Bombing tragedy inspires song tribute

By PJ (Phil) Taylor

Soulful music man Darren Watson plays the blues and talks about it on East FM, on Saturday, September 12, 3-5pm. Photo supplied. Inset pic

A dark day in New Zealand’s history when the life of an innocent soul was ended by a sinister assassin is the subject of a powerful new song.

The death of Ernie Abbott on March 27, 1984, shocked the nation when at work he picked up a suitcase containing a bomb that detonated and killed him in cold blood.

Abbott’s tragic death has played on the mind of Kiwi bluesman Darren Watson for 36 years and he felt compelled to remind the country that an honest worker’s life was cut short by an act of terrorism.

“Ernie Abbott was the caretaker at Trades Hall in Wellington, who picked up a suitcase he thought someone had left behind,” Watson says.

“Unbeknownst to him, some guy, and it’s always a guy, had decided to try and kill the union leadership of this country. Ernie Abbott picked up the case and died.”

Watson is a hugely respected blues-roots singer, guitarist, songwriter and producer starting out with dynamic rhythm and blues band Chicago Smoke Shop in the 1980s.

He’s delivered six well-received solo albums since heading out solo in the 1990s, including Too Many Millionaires that debuted at number three on the NZ Top 20 album chart in 2018.

“I’m really proud of this song,” Watson says, of his tribute to Abbott. “It has been a lifetime in the making for me.

“The events that led to the death of Ernie Abbott were formative politically for me as an 18-year-old.

“He was the sole victim of an attack that was meant to be a lot more devastating. He’s an inadvertent hero to me. It really affected me, so I wrote this song.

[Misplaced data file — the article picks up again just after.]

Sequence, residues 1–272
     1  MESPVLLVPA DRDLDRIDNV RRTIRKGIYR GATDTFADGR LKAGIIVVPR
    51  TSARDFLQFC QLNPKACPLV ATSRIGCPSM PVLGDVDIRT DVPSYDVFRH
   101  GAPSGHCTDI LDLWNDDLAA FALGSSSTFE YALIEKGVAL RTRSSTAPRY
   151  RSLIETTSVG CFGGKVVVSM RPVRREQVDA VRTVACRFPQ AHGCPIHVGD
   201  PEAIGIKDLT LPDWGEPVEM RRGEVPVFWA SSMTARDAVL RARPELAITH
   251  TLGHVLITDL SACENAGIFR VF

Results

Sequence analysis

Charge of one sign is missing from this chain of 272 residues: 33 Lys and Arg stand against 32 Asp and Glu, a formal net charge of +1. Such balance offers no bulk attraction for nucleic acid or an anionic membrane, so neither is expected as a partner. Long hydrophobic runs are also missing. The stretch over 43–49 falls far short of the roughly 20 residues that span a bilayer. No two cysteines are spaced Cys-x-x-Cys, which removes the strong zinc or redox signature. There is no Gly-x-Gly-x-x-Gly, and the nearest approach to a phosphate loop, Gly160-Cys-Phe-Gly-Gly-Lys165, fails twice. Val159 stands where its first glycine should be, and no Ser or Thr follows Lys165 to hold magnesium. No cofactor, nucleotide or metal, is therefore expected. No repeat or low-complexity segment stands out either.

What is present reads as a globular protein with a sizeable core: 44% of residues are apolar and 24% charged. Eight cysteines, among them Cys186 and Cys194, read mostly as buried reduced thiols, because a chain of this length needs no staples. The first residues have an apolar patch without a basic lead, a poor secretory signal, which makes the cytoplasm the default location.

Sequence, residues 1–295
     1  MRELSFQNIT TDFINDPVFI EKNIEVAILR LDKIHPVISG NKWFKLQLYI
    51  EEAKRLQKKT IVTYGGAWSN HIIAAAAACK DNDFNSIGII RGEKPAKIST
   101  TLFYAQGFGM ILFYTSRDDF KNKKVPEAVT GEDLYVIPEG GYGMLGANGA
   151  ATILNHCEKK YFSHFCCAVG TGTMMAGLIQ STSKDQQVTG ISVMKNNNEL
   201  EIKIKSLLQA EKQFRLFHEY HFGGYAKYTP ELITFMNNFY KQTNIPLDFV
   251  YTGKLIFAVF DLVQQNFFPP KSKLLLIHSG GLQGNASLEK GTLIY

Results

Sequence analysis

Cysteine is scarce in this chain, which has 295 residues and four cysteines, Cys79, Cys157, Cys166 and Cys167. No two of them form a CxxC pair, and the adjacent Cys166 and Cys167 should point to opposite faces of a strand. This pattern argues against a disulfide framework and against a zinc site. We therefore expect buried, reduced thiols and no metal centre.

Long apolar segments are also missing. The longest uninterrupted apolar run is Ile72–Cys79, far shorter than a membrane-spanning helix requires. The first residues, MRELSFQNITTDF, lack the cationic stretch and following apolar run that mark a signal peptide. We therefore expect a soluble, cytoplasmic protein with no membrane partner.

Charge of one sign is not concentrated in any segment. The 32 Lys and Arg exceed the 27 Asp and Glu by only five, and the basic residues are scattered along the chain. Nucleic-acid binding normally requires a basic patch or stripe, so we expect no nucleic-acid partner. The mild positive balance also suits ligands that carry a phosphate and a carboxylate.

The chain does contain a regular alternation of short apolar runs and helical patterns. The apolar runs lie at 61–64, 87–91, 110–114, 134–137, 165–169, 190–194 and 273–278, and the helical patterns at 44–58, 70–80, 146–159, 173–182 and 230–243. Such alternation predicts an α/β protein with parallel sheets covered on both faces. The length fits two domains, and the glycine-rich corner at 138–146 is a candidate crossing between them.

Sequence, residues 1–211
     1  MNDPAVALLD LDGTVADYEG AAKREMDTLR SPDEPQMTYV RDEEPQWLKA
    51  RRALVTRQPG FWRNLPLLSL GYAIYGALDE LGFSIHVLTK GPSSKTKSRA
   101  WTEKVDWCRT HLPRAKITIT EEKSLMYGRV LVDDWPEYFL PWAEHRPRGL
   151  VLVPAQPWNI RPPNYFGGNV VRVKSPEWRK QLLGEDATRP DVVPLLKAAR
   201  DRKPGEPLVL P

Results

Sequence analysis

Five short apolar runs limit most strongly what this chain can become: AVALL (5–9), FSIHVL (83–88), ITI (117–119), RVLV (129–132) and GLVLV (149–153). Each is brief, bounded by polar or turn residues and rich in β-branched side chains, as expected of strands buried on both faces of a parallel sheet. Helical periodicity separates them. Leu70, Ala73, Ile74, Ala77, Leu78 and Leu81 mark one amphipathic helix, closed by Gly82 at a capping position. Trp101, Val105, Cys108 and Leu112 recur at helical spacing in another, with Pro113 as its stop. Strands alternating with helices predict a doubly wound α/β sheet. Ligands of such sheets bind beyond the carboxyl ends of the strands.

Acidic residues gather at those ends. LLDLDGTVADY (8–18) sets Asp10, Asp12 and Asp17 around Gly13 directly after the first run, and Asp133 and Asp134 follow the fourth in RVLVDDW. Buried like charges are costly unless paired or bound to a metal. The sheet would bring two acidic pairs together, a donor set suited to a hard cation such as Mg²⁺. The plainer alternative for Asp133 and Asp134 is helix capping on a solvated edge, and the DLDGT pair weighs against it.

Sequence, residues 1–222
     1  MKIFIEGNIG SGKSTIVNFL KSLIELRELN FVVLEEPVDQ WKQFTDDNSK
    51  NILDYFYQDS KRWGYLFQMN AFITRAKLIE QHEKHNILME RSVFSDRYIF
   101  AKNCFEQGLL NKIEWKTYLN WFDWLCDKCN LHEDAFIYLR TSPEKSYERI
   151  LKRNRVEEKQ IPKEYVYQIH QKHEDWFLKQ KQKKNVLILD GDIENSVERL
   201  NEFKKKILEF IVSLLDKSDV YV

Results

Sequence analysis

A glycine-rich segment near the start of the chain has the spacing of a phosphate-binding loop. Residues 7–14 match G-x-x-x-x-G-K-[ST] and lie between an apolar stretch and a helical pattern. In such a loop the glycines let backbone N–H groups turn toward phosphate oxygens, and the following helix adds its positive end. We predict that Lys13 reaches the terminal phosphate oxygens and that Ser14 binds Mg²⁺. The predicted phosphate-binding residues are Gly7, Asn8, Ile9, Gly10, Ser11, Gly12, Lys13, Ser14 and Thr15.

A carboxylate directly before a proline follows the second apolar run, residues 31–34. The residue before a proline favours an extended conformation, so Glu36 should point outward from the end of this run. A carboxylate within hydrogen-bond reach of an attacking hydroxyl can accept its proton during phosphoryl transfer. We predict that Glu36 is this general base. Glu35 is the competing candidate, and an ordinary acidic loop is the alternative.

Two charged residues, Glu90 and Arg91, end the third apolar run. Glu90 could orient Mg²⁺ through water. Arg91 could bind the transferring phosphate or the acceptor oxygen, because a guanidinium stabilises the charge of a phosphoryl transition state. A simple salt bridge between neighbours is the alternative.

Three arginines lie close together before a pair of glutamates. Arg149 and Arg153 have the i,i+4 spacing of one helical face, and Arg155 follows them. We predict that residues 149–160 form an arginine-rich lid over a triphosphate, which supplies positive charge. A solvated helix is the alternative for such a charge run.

“It’s long, it’s slow, it’s a dirge. It’s a heavy song about a heavy subject.

“Maybe someone will have a pang of conscience… the person who did that will be brought to justice. We live in hope,” Watson says.

The killing of Ernie Abbott remains an official cold case, says the website.

“He was the sole victim of the attack and, despite numerous investigations, police have always struggled to identify a motive for the bombing. No-one has been brought to justice for Ernie Abbott’s murder, and police need your help.”

The new memorial song is on Watson’s next album, Getting Sober For The End Of The World, out on October 1.

Watson’s coming to Howick to talk about it, his career, the history of blues music and to play live, on East FM, this Saturday, September 12, from 3pm-5pm (88.1FM, 107.1FM;

Smoke Shop was a greatly admired band that had NZ Music Awards’ nominations, radio hits, two albums, and tours with international artists Koko Taylor, The Robert Cray Band, George Thorogood and The Fabulous Thunderbirds.

Watson’s solo career has reached soaring heights, with NZ Music Awards’ nominations, many substantial albums, and Too Many Millionaires generating high-praise reviews in this land and around the world. It was recorded live-to-tape at Wellington’s Surgery Studios by award-winning engineer Lee Prebble, who has worked with the Black Seeds, Phoenix Foundation, and Dave Dobbyn.